Elmwood turkeys netted and relocated
Birds released on state wildlife refuge
GRAFTON – The wild turkey population in Grafton has been a source of entertainment for some and an annoyance for others over the past few years.
On Monday and Tuesday, North Dakota Game and Fish (NDGF) employees were in town with the goal of reducing the turkey population and relieving some of the problems the large birds have been causing.
Grafton Parks and Recreation Director Bill Dahl said the turkeys have been a nuisance around the historic Elmwood property leaving their excrement behind in massive proportions.
“Last winter was probably the largest gathering of turkeys we’ve seen around Elmwood and the largest amount of damage they’ve done due to the mess they leave behind,” he said.
He said last winter the Elmwood board planned to have the porch replaced and there was concern over the damage the turkeys would cause. New cedar decking was installed on the porch this summer.
Dahl said he first began contacting NDGF about what could be done with the nuisance birds about a year ago.
One option was to hold a special archery hunt during turkey hunting season. Dahl said the idea was brought up to some city officials, but that idea didn’t fly because of safety concerns.
With the help of NDGF, the park district tried to scare the birds away using sirens connected to motion detectors. Dahl said that was attempted over a short period of time last winter. However, the scare tactics didn’t work, but instead drew several complaints from residents who live just across the river.
“The sirens were annoying the neighbors much more than they were bothering the turkeys,” he said. “We were getting reports of the sirens going off at three in the morning. The deer were setting them off, because the turkeys were already roosting in the trees.”
The final alternative was to have the birds trapped and relocated by game and fish personnel.
For the past year, Dahl has been working closely with the Devils Lake office of NDGF and biologist Brian Prince.
Prince said they offered help based on the request by GPR.
“You have a situation where the turkeys are causing damage to this historic building, yet on the other hand right across the river people are feeding them, and they like seeing them around,” he said. “It’s kinda of a love/hate thing, some people want them around and others don’t.”
Prince said wild turkeys can survive in northeastern North Dakota but more often than not they need a little assistance in the way of food and cover to make it through the winter.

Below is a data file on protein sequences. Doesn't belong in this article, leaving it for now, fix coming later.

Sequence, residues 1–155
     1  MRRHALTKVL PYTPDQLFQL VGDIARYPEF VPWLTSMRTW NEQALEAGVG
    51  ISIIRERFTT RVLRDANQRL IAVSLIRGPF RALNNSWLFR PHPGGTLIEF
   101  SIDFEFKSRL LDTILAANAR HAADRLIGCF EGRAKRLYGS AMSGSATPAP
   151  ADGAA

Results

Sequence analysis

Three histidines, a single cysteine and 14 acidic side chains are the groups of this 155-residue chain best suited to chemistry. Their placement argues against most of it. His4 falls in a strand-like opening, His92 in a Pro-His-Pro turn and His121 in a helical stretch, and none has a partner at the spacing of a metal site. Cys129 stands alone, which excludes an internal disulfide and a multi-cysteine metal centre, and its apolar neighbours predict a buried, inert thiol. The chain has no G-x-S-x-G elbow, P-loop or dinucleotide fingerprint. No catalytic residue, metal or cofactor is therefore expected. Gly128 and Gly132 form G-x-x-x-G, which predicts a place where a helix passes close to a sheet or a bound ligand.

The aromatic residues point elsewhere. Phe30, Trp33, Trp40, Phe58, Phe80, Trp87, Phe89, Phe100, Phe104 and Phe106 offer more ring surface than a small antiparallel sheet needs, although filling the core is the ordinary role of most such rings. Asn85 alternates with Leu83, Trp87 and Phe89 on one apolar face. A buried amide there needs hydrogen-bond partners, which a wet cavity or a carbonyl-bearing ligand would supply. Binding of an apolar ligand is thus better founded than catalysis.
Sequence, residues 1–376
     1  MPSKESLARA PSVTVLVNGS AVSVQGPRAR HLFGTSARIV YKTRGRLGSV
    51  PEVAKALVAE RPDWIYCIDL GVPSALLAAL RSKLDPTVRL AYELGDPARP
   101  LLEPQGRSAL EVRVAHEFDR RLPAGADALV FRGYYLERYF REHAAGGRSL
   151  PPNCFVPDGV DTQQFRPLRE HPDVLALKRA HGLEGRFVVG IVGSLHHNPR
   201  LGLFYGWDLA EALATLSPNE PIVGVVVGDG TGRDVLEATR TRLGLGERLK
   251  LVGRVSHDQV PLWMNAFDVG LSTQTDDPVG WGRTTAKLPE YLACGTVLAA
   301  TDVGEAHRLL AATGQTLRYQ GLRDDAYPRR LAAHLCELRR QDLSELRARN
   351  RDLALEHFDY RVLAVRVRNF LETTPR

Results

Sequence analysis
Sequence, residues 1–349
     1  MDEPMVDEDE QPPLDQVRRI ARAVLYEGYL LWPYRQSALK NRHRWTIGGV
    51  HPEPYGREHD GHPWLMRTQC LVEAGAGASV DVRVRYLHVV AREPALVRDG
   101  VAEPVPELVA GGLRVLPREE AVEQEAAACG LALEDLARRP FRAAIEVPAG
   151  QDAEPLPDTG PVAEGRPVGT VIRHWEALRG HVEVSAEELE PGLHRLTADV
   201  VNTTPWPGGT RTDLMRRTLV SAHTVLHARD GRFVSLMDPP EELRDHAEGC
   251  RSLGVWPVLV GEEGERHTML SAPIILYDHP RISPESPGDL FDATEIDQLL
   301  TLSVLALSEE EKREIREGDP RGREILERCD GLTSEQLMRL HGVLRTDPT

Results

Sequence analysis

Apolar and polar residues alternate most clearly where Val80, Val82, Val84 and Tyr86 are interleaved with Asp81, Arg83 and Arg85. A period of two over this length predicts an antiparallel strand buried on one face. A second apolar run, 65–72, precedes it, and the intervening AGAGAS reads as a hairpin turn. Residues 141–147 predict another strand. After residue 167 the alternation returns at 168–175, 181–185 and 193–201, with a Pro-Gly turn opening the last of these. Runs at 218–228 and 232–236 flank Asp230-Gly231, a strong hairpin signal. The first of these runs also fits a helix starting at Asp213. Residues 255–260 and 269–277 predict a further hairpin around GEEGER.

“That’s why they’re here,” he said. “And it all comes down to tolerance.”
The first step to trapping the birds was to begin baiting them on the Elmwood grounds to get them used to congregating in a concentrated location. He said the flock of turkeys that have been gathering around Elmwood this winter is estimated to be around 100 birds.
Dahl said with feed supplied by NDGF, he began baiting the birds just after Thanksgiving.
He said the birds got very used to the daily offerings and it wasn’t uncommon to see 60 to 80 birds at each feeding.
Each day around 11 a.m., he deposited a five gallon pail of feed including scratch grain and cracked corn. He said the birds got so used to him that they would fly to the feeding area when they saw his truck coming each day.
NDGF technicians Tom Crutchfield and Jim Houston based in Bismarck arrived Monday with two nets and explosive powered rockets meant to propel the nets over the birds as they are feeding. Prince came from Devils Lake with two more technicians to help capture and band the birds prior to relocating them.
One of the birds was to be released if captured and that is the white turkey that has been seen with the flock. Dahl said the white turkey has become somewhat of a celebrity in town and was to be released if captured.
“I was contacted by several people who were concerned about what would happen to the white one if it was taken away,” Dahl said. “It’s my understanding that the bird would be put down if it was captured because they didn’t want it in the relocated wild population.”
About 30 birds showed up to feed on Monday, much less than normal and the crew decided to wait until Tuesday morning to spring their trap.
They left the nets in place but removed the explosive charges to the rockets and returned Tuesday before daylight to set up.
Around 8:30 a.m., they fired the charges. According to Crutchfield, the rockets for one of the nets misfired and several of the turkeys managed to fly away.
In all about 25 turkeys were captured according to Prince. He said the white turkey was captured and released as requested.
The rest of the birds were banded and then taken to an 8,000-plus acre wildlife refuge in Rollette County near Dunseith where they were released.
Prince said that the birds are stressed by the capture but most usually survive. He said every once in a while a bird might be struck by the rocket net just right and not make it.
“It’s not an exact science, but it’s the best method we have available,” Prince said.
All of the birds netted Tuesday survived the initial capture.
Dahl said they were hoping to capture between 50 and 60 percent of the flock. He said the plans are to continue to feed the birds and the game and fish crew will return in a couple of weeks to try for another capture.
Dahl said the trapping and relocation of the turkeys isn’t costing GPR or the city any money, that cost is paid for by NDGF.